This article first appeared in print in the Winter 2021 issue of Revelstoke Mountaineer Magazine.
By Amy Erving, Protect Our Winters
From freeskiing to farming, the rise of COVID-19 shifted B.C.-based Chris Rubens’ routine from chasing first tracks to setting down roots in Revelstoke and starting the farm, First Light. The reality of the pandemic for Chris, similar to most, presented many challenges. Amidst the uncertainty, Chris felt confident that now was a better time than ever to transform his vision of farming and sustainable living into a reality.
“COVID-19 kick-started us into farming. We had completely different plans for the summer. We were going to go sail, surf, and spend most of the summer on the coast. When the pandemic hit, farming was definitely my first thought.”
With so many unknowns surrounding the ski season and even more, surrounding the state of the world, Chris found himself returning to simpler ways of living.
He and his partner Jesse Johnston-Hill had dreamt of this farm, feeling that, “It was good for us to get that nudge because sometimes there are so many big daunting projects and you need a kick to get your priorities straight.”
Without any second-guessing, Chris traded in his nomadic lifestyle for a small piece of land.
AE: What aspects of being a professional athlete translate into farming?
“A big part of what I love about skiing and mountains is the community,” which he appreciates finding amidst farms and farmers markets.
Chris described 2020 for First Light as a year of learning, grateful that other local farmers were so supportive, “They are just super excited to see more people growing food in town.”
“It’s one thing to grow food, one thing to sell it, and then a whole other to be profitable with it. It translates to moving in the mountains. It all comes down to efficiency. Everyone told me you can’t be a profitable pro skier, ‘It’s a dirtbag job.’” Now, Chris finds himself stepping up to this challenge all over again, but instead with farming.
“Just like being in the mountains or in the ocean, you are at the mercy of mother nature in farming too. Right when you think you’re on top of it, mother nature throws you a curve ball and you remember that you can only react to whatever comes your way.”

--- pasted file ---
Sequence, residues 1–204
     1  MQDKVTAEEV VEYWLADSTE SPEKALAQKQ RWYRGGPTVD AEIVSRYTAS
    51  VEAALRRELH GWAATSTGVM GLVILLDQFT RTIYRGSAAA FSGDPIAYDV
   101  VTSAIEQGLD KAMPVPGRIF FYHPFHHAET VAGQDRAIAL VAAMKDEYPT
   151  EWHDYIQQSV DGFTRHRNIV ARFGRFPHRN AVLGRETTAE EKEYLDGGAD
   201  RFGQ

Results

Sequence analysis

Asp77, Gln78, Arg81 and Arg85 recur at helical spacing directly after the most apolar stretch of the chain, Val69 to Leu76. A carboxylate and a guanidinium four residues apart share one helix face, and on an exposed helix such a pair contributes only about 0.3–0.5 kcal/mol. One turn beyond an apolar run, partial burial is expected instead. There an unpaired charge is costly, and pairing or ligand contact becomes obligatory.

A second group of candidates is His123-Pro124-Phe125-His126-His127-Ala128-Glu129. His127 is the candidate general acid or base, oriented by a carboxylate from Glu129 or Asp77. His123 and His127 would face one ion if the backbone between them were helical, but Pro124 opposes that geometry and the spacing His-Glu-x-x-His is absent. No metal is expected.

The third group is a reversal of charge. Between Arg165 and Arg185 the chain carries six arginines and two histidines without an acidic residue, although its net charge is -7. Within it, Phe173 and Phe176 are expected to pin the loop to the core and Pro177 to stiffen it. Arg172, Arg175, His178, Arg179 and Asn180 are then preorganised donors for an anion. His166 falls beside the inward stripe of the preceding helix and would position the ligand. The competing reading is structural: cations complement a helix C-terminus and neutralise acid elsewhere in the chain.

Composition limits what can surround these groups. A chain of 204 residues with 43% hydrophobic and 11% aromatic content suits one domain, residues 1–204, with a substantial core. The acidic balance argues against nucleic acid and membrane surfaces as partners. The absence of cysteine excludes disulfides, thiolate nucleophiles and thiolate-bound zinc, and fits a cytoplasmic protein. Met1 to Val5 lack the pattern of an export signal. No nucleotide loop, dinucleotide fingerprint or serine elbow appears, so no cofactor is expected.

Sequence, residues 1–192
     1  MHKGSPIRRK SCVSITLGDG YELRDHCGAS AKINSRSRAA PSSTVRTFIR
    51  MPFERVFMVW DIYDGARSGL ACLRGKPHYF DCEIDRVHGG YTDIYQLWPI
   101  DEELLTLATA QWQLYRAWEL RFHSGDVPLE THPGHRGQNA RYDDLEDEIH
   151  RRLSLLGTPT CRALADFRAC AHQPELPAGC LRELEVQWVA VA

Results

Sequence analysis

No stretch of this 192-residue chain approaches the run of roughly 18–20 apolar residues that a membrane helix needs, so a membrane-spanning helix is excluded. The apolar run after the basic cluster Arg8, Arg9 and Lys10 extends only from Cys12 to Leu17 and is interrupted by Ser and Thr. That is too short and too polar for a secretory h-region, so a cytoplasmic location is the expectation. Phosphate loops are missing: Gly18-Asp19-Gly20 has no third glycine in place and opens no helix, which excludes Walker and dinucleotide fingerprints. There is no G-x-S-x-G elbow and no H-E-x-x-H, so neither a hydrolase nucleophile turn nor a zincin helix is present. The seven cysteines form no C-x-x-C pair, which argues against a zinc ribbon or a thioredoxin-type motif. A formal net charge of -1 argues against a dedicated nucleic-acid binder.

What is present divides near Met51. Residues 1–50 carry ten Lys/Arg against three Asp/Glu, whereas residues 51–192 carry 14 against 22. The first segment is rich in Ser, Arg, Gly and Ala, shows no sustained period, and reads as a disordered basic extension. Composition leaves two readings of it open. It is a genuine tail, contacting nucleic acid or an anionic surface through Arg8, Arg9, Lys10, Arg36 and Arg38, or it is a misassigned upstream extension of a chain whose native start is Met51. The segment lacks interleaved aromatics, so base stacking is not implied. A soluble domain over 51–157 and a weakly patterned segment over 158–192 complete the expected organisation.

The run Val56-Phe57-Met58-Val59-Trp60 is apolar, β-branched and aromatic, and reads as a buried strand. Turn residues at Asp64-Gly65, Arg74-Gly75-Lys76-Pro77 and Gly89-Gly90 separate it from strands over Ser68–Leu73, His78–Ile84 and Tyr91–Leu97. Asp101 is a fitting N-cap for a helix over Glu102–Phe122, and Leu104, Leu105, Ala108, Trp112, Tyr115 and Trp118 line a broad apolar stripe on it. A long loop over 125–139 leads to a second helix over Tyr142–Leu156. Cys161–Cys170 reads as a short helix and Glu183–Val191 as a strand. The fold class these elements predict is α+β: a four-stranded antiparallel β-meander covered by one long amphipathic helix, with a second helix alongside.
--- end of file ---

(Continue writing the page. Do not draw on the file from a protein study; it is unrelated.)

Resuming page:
Chris shared that many times, we shy away from things that feel out of our hands, but skiing and farming both provide us with unique opportunities to adapt. “Be dynamic and deal with uncertainty because forecasts can change abruptly.”
In terms of COVID-19, Chris feels that “This is [humanity’s] best opportunity to change our ways in regards to climate change. This is our opportunity to go down a different route.”
How do you foresee balancing First Light and a skiing career?
“We just purchased a property and will be hard at work next spring! My partner Jesse is the real farmer and I just help her out. In early winter, she can begin with the plant starts while I’m skiing. Once I’m done, I’ll help her out.”
What is the environmental responsibility of a professional skier in terms of climate change?
“I got through a lot of my career with the saying that the beauty of outdoor sports is you learn about what there is to lose. Being in these beautiful places you see them affected by climate change and have that realization you need to keep these places pristine.”
“We have a huge responsibility as outdoor advocates to stand up for the environment. That’s why Protect Our Winters (POW) is so important because it provides a voice for the outdoor industry. I’m a huge believer in individual change for climate change because it encourages us to do more, but we also need much more than that.”
“The best thing you can do is sign up, vote with your dollar, and just vote.”
Should every skier start a farm?
“Definitely not. I went vegetarian, then I flew less, then I used veggie oil in my car. Now we have a farm. Like being in the mountains, it’s all about progression. Your lifestyle changes over time and you’ve got to stay motivated. As much as we want overnight change, it’s not realistic. It’s more about the mentality that you are willing to change.”
What lessons can we learn from your story?
“Changing your lifestyle is not about setting too lofty of a goal. Especially with climate change, the most important thing is to do something and that looks different for everyone. Setting more achievable goals, helps turn negatives into positives. We take positives and we get incentivized.”
Anyone who has dabbled in growing food knows that it is a time-consuming activity. Balancing this commitment with a career trademarked by travel is tricky; however, as with most difficult tasks, Chris believes he will find a way. As we put 2020 behind us, perhaps we can draw inspiration from this story – turning challenge into an opportunity for change, uncertainty into new ways of sustainable living, and a whole lot of dirt into a dirtbag’s dream.
Wondering how you can make a change in your daily life?
If you are looking for ways to challenge yourself to live more sustainably, keep your eyes on the horizon for the 2021 Protect Our Winters’ 12 Month Challenge! In the meantime, visit the POW website to become a member at protectourwinters.ca to get involved in local initiatives, email the Revelstoke POW Chapter at
firstname.lastname@example.org. Together, we can take positive climate action in the outdoor community.